"The whole wide world delights me not,
For heaven and earth, Lord, care Inot,
If I may but have Thee;"
and following it, goes on in perfect harmony with the text of our Psalm -
"Yea, though my heart be like to break,
Thou art my trust that nought can shake;"
(Note: Miss Winkworth's translation.)
or with Paul Gerhard, [in his Passion-hymn "Ein Lmmlein geht und trgt die Schuld der Welt und ihrer Kinder,"
"Light of my heart, that shalt Thou be;
And when my heart in pieces breaks,
Thou shalt my heart remain."
For the hypothetical perfect כּלה expresses something in spite of which he upon whom it may come calls God his God: licet defecerit. Though his outward and inward man perish, nevertheless God remains ever the rock of his heart as the firm ground upon which he, with his ego, remains standing when everything else totters; He remains his portion, i.e., the possession that cannot be taken from him, if he loses all, even his spirit-life pertaining to the body, - and God remains to him this portion לעולם, he survives with the life which he has in God the death of the old life. The poet supposes an extreme case, - one, that is, it is true, impossible, but yet conceivable, - that his outward and inward being should sink away; even then with the merus actus of his ego he will continue to cling to God. In the midst of the natural life of perishableness and of sin, a new, individual life which is resigned to God has begun within him, and in this he has the pledge that he cannot perish, so truly as God, with whom it is closely united, cannot perish. It is just this that is also the nerve of the proof of the resurrection of the dead which Jesus advances in opposition to the Sadducees (Matthew 22:32).
Treasury of Scripture Knowledge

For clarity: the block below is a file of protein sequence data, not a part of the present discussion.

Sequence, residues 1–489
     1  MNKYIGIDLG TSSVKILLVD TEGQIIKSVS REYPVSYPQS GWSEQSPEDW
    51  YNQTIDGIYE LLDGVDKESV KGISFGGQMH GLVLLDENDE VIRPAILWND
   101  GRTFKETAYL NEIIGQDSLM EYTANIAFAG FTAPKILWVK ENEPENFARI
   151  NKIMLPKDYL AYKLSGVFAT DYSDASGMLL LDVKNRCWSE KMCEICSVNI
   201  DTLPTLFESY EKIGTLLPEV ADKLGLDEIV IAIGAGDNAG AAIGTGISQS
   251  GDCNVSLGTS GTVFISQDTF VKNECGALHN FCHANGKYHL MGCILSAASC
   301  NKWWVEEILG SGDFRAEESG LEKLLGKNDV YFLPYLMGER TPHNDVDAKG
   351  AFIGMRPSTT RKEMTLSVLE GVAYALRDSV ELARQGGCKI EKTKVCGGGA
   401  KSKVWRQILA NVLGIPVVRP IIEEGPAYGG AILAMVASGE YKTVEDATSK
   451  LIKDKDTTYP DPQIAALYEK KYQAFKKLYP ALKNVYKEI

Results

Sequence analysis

"The people of Israel shall camp each by his own standard, with the banners of their fathers' houses. They shall camp facing the tent of meeting on every side.
We do not see our signs; there is no longer any prophet, and there is none among us who knows how long.
The enemy has stretched out his hands over all her precious things; for she has seen the nations enter her sanctuary, those whom you forbade to enter your congregation.
The Lord has scorned his altar, disowned his sanctuary; he has delivered into the hand of the enemy the walls of her palaces; they raised a clamor in the house of the LORD as on the day of festival.
Jump to PreviousAdversaries Assembly Congregations Enemies Ensigns Foes Holy Lions Meeting Meeting-Place Meeting-Places Met Midst Roar Roared Sending Signs Standards Voices Worshippers
Jump to NextAdversaries Assembly Congregations Enemies Ensigns Foes Holy Lions Meeting Meeting-Place Meeting-Places Met Midst Roar Roared Sending Signs Standards Voices Worshippers
LinksPsalm 74:4 NIV
Psalm 74:4 NLT
Psalm 74:4 ESV
Psalm 74:4 NASB
Psalm 74:4 KJV
Psalm 74:4 Bible Apps
Psalm 74:4 Biblia Paralela
Psalm 74:4 Chinese Bible
Psalm 74:4 French Bible
Psalm 74:4 German Bible
ESV Text Edition: 2016. The Holy Bible, English Standard Version® copyright © 2001 by Crossway Bibles, a publishing ministry of Good News Publishers.